Re: [sched, patch] better wake-balancing, #3

From: Ingo Molnar
Date: Sat Jul 30 2005 - 02:20:32 EST

* Nick Piggin <nickpiggin@xxxxxxxxxxxx> wrote:

> > here's an updated patch. It handles one more detail: on SCHED_SMT we
> > should check the idleness of siblings too. Benchmark numbers still
> > look good.
> Maybe. Ken hasn't measured the effect of wake balancing in 2.6.13,
> which is quite a lot different to that found in 2.6.12.
> I don't really like having a hard cutoff like that -wake balancing can
> be important for IO workloads, though I haven't measured for a long
> time. [...]

well, i have measured it, and it was a win for just about everything
that is not idle, and even for an IPC (SysV semaphores) half-idle
workload i've measured a 3% gain. No performance loss in tbench either,
which is clearly the most sensitive to affine/passive balancing. But i'd
like to see what Ken's (and others') numbers are.

the hard cutoff also has the benefit that it allows us to potentially
make wakeup migration _more_ agressive in the future. So instead of
having to think about weakening it due to the tradeoffs present in e.g.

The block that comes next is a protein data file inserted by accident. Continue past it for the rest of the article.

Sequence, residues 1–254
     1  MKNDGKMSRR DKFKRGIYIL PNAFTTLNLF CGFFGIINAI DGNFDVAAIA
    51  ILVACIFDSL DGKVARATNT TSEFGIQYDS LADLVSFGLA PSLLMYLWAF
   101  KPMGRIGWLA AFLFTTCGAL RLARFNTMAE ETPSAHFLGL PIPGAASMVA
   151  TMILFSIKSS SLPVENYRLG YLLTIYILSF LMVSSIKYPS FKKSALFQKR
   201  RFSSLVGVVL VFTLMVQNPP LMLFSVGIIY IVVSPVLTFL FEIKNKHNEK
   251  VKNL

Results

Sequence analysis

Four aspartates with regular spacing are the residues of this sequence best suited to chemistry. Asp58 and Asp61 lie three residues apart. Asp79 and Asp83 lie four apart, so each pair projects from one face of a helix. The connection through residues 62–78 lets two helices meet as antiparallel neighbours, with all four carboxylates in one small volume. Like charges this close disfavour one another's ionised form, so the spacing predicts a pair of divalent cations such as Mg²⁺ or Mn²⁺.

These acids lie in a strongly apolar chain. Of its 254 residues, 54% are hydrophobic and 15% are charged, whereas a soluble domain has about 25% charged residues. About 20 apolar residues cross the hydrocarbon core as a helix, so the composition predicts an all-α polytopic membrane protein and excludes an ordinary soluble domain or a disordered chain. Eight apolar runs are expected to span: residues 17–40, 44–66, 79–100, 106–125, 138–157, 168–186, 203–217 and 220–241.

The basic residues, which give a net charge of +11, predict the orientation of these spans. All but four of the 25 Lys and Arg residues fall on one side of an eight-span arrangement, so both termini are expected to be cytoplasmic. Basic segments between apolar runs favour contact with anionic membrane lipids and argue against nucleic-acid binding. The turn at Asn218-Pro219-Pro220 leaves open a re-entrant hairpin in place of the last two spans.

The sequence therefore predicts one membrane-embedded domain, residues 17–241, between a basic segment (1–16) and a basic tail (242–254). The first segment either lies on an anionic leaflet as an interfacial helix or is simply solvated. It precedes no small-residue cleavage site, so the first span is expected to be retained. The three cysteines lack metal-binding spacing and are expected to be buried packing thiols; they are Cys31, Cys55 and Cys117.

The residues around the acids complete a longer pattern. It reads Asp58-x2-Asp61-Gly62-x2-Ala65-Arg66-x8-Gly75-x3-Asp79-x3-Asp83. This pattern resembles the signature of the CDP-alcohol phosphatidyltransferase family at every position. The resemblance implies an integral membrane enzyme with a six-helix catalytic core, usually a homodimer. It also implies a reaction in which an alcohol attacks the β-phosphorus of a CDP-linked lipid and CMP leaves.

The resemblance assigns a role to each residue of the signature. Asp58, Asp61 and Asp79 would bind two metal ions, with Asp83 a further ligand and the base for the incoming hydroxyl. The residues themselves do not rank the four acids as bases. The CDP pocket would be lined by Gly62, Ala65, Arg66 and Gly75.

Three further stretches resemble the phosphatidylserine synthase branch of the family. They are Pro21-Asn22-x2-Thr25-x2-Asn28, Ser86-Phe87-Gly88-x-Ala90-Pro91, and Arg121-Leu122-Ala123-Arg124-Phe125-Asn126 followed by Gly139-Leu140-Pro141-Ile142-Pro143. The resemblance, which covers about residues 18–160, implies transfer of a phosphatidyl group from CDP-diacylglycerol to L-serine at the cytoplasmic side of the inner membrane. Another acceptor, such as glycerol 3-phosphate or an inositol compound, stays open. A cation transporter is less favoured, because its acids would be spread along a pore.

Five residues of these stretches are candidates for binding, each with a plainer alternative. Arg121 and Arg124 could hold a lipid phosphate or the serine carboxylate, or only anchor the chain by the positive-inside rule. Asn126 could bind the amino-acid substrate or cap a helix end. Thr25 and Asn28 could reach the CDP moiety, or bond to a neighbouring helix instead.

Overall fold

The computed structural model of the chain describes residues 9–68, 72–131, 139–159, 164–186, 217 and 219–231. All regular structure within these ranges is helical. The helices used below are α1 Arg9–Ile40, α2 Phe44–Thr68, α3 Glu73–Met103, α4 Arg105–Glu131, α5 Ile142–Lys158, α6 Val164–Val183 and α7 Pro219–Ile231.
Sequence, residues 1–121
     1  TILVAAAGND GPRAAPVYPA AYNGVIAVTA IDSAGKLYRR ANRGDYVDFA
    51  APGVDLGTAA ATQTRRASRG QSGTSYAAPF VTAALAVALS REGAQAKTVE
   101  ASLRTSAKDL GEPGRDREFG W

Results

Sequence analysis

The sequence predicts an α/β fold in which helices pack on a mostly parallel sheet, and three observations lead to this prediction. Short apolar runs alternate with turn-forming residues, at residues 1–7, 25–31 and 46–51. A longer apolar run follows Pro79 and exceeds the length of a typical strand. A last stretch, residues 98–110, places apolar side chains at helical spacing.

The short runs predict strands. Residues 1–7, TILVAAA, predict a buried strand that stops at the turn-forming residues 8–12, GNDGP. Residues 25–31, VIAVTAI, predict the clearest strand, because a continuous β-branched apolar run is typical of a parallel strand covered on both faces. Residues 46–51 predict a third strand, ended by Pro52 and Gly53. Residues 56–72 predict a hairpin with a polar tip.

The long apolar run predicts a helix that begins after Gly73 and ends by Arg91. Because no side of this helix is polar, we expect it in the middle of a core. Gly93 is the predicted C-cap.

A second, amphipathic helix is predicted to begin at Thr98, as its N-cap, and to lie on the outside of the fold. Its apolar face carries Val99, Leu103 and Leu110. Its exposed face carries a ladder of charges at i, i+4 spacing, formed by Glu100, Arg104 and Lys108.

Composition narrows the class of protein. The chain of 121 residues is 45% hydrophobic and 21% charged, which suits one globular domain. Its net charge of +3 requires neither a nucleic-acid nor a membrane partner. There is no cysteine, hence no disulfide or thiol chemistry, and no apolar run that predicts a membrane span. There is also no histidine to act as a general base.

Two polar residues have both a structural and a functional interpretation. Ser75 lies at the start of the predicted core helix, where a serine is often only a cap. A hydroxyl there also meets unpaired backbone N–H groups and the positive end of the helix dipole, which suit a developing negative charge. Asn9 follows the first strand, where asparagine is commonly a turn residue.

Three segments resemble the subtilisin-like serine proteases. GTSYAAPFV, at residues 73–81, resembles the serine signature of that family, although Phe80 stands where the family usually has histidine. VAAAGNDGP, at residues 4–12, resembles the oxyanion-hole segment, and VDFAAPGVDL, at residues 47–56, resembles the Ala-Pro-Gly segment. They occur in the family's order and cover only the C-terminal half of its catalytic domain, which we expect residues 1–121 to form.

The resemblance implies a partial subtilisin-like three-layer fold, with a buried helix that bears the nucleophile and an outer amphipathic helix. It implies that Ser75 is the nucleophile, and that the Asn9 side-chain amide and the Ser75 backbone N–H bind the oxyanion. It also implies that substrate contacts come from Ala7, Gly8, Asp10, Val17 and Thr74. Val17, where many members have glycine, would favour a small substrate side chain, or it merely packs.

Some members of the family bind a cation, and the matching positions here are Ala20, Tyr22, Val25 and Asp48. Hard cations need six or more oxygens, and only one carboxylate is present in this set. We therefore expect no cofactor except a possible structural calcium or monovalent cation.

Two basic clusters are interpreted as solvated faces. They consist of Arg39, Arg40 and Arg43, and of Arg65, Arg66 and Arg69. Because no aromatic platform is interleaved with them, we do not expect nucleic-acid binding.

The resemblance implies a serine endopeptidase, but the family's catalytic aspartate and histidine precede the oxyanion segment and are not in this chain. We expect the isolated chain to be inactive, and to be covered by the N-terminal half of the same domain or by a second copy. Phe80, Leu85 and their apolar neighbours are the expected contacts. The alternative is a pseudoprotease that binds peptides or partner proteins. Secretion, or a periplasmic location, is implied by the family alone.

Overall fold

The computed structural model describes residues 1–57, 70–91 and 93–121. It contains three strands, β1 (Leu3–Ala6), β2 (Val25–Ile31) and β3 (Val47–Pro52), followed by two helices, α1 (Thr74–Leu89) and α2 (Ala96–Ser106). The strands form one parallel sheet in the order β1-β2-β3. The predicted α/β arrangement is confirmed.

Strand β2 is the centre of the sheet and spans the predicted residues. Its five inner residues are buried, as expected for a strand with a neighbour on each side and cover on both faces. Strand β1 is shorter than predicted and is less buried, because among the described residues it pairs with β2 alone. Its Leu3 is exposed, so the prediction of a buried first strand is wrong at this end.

Ken's workload, we can actually make it stronger.

> [...] In IPC workloads, the cache affinity of local wakeups becomes
> less apparent when the runqueue gets lots of tasks on it, however
> benefits of IO affinity will generally remain. Especially on NUMA
> systems.

especially on NUMA, if the migration-target CPU (this_cpu) is not at
least partially idle, i'd be quite uneasy to passive balance from
another node. I suspect this needs numbers from Martin and John?

> fork/clone/exec/etc balancing really doesn't do anything to capture
> this kind of relationship between tasks and between tasks and IRQ
> sources. Without wake balancing we basically have a completely random
> scattering of tasks.

Ken's workload is a heavy IO one with lots of IRQ sources. And precisely
for such type of workloads usually the best tactic is to leave the task
alone and queue it wherever it last ran.

whenever there's a strong (and exclusive) relationship between tasks and
individual interrupt sources, explicit binding to CPUs/groups of CPUs is
the best method. In any case, more measurements are needed.

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